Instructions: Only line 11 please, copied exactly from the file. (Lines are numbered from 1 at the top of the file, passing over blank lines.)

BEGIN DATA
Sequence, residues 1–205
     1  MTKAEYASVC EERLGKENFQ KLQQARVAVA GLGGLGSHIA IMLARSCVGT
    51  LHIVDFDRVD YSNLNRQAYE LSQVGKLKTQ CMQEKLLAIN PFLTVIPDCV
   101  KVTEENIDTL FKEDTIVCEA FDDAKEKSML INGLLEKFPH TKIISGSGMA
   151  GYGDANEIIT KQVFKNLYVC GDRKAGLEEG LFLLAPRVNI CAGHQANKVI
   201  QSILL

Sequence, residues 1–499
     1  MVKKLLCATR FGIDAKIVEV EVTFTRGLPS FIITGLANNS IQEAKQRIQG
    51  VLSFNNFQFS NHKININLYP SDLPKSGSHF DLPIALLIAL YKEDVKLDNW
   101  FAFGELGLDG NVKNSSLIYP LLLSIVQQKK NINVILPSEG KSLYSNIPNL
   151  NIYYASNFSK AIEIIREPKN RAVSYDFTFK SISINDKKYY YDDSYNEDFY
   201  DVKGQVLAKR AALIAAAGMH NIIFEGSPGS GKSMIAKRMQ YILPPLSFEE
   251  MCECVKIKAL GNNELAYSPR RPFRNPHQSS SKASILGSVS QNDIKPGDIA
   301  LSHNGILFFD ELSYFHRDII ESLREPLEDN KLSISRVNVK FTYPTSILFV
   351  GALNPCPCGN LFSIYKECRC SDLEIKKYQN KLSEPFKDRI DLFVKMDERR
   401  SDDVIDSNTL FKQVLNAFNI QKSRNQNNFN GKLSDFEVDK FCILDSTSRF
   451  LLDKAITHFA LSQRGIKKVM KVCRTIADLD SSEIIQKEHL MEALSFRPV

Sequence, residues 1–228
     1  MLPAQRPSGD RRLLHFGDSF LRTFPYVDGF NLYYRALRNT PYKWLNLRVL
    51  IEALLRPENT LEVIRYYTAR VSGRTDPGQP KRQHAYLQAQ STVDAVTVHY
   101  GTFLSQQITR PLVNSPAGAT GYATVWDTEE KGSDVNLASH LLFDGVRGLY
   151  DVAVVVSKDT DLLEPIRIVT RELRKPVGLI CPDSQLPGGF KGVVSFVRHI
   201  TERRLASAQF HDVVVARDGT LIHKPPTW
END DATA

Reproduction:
   151  NIYYASNFSK AIEIIREPKN RAVSYDFTFK SISINDKKYY YDDSYNEDFY